Donna Summer, Chuck Brown, Belita Woods, Robin Gibb and legendary DJ Hal Jackson have all passed away recently. It seems like so many of our outstanding contributors in music are leaving us at a faster rate lately. Just as soon as we’re able to take a breath from the death of an entertainer that’s beloved, we’re struck again with the sad news of another.
The latest rash of deaths included The“Disco Queen” of all Disco Queen’s, the undisputed “Godfather of Go-Go”, one of the FUNKIEST vocalist of all time and the third musical brother from the Gibb family. Donna Summer died at the age of 63 on May 17th in Florida. Afflicted with cancer for the past several years, she remained active in the latter part of her life. According to Rolling Stone online: “Early this morning, we lost Donna Summer Sudano, a woman of many gifts, the greatest being her faith,” reads a statement from the singer’s family. “While we grieve her passing, we are at peace celebrating her extraordinary life and her continued legacy. Words truly can’t express how much we appreciate your prayers and love for our family at this sensitive time.” Summer was a five-time Grammy winner best known for smash hits including “I Feel Love,” “Love to Love You Baby,” “Bad Girls,” “Last Dance” and “She Works Hard for the Money,” among others.
Chuck Brown died at the age of 75 on May 16th at Johns Hopkins University Hospital in Baltimore, Maryland from pneumonia. The Washington Post reported last month that sources said Brown initially went to the hospital because of arthritis problems, and there, doctors found a blood clot. Brown had an operation to have the clot removed, but he then developed pneumonia. One who rocked the stages of Maryland and Washington D.C. for five decades, Chuck’s biggest record is the 1978 song “Bustin’ Loose.” Hip-hop talent Nelly revived the Go-Go hit in his song “Hot in Herre” in 2002.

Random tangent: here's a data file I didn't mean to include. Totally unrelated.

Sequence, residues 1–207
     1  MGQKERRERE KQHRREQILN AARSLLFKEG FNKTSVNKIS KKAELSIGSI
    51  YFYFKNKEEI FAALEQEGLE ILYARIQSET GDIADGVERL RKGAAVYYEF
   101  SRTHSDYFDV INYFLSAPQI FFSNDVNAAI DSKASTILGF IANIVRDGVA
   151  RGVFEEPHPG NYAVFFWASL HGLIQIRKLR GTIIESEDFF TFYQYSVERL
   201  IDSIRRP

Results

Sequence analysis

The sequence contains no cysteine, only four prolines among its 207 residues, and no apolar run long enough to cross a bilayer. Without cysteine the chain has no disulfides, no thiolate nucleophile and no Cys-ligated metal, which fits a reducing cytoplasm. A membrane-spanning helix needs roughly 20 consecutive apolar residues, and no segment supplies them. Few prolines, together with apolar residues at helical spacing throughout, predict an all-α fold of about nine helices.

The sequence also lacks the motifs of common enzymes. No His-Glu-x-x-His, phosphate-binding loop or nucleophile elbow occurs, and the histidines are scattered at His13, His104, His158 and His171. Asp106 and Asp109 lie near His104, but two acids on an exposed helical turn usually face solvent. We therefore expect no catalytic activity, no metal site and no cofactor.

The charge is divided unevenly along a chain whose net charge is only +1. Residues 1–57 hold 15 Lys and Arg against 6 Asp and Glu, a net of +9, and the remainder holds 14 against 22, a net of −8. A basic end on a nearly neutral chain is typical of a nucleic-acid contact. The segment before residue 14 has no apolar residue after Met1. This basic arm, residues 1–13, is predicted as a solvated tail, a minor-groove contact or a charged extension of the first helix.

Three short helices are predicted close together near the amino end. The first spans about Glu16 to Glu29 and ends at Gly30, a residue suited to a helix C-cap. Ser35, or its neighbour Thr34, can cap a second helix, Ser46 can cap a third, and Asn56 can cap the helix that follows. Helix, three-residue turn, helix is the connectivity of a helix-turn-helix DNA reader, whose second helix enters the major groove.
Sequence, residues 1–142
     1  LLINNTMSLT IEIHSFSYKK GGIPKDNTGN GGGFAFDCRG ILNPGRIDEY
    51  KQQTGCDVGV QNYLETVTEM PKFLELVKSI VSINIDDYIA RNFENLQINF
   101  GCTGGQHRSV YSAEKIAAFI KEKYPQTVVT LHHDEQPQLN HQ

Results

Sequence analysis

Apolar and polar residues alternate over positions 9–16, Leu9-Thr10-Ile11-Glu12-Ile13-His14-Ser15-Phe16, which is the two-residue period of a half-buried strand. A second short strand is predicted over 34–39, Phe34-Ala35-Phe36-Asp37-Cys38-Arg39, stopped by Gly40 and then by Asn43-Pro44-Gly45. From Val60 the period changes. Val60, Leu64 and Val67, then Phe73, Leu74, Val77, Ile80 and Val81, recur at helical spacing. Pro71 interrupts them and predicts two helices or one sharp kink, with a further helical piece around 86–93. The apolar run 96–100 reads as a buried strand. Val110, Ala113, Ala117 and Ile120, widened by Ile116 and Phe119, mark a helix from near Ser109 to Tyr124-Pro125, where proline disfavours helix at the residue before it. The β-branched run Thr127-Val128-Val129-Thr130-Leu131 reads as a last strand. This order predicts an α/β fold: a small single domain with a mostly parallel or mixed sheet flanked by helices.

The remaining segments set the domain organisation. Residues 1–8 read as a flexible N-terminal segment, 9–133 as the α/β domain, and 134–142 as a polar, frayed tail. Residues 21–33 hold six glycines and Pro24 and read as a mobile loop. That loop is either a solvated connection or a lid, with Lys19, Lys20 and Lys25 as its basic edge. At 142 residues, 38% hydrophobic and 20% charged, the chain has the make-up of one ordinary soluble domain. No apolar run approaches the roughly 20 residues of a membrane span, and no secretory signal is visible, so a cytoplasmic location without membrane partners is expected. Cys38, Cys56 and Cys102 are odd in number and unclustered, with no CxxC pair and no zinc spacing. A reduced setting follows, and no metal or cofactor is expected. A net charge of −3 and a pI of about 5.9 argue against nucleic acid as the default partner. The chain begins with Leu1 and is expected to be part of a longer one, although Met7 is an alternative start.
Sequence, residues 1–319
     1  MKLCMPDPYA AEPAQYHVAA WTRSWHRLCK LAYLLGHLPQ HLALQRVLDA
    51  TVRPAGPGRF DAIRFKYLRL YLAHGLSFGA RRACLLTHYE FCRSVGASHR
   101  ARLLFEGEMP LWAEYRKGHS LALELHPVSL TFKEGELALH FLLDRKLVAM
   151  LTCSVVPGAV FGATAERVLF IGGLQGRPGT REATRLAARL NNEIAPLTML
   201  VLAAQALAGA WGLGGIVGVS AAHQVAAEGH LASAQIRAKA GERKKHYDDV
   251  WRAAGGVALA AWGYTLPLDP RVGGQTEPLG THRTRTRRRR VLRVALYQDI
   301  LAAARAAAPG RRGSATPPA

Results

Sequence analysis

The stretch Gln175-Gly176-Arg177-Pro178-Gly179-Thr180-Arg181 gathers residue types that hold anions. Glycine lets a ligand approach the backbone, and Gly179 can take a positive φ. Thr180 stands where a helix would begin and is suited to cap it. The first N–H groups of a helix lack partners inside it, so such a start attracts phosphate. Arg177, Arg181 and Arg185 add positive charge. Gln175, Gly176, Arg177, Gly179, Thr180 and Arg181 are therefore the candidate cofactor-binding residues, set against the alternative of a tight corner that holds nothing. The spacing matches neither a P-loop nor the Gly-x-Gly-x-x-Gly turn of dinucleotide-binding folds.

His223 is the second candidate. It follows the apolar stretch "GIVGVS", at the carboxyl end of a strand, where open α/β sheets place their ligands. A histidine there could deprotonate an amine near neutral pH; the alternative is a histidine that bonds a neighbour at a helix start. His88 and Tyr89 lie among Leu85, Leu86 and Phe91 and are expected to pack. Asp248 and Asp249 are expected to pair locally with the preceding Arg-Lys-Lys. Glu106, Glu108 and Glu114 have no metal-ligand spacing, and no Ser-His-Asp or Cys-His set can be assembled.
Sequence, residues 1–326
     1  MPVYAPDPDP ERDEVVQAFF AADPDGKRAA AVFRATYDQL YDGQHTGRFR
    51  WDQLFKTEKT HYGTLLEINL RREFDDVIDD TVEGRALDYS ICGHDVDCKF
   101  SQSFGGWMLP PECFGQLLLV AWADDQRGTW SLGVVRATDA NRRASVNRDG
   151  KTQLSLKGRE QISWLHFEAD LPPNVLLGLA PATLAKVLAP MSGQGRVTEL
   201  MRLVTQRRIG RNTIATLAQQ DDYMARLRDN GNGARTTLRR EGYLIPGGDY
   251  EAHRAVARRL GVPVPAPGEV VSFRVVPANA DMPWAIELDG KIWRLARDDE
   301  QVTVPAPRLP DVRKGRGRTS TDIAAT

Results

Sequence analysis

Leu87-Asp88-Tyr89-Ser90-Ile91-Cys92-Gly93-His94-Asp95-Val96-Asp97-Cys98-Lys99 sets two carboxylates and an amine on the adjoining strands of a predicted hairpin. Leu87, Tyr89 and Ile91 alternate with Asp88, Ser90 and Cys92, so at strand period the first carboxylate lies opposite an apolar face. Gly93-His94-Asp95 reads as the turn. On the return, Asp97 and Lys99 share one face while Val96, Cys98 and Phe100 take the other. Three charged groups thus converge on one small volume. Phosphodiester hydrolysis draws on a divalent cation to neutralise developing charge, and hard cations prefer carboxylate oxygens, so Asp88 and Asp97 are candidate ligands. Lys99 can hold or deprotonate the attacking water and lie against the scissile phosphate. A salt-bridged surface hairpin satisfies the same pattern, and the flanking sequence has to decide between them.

On May 18th, according to the Associated Press former Parliament-Funkadelic and Brainstorm singer Belita Woods died in Detroit at age 63. Longtime friend and caregiver Joycelyn Goins says Woods died Monday of heart failure at St. John Hospital & Medical Center. Woods was lead singer of Brainstorm, whose 1977 album, “Stormin’,” featured the disco hit, “Lovin’ Is Really My Game,” and the R&B hit, “This Must Be Heaven.” Woods toured with the Parliament-Funkadelic P-Funk All-Stars for two decades, beginning in 1992.
The Museum of UnCut Funk would be remiss if we did not acknowledge the loss of Robin Gibb. One of the last two living members of the Bee Gees, the brothers Gibb may have been kings in the worlds of pop and disco, but their sound was undoubtedly FUNKY! Not long ago we lost extraordinary percussion player Ralph MacDonald. Both Ralph and Robin were just two of of the elements featured on one of the Funkiest Soundtracks of All Time, that is “Saturday Night Fever.” Robin was 62, he died this past Sunday May 20th in England, succumbing to colorectal cancer that had spread to his liver. His twin brother and fellow band member, Maurice, died in 2003. Only Barry survives from the pioneering group, which has sold more than 220 million records.
Hal Jackson was one of New York’s longest working radio hosts and a legend in the world of broadcasting. The creator of the Hal Jackson’s Sunday Classics show on WBLS, I had the fortune to work with him and co-produce the program for six years. Hal also created Hal Jackson’s Talented Teens. A beauty pageant geared toward young ladies of color, it encouraged thousands of girls coming of age in New York City. Tammi Townsend, Vanessa Williams and Jada Pinkett Smith are on the list of past winners and participants. Jackson was a co-founder of WBLS, which officially launched in 1972 on the FM dial at 107.5. Jackson opened the doors for generations of black broadcast talent throughout his career. A native of Washington D.C., the nature of his death has yet to be disclosed, Jackson was 97.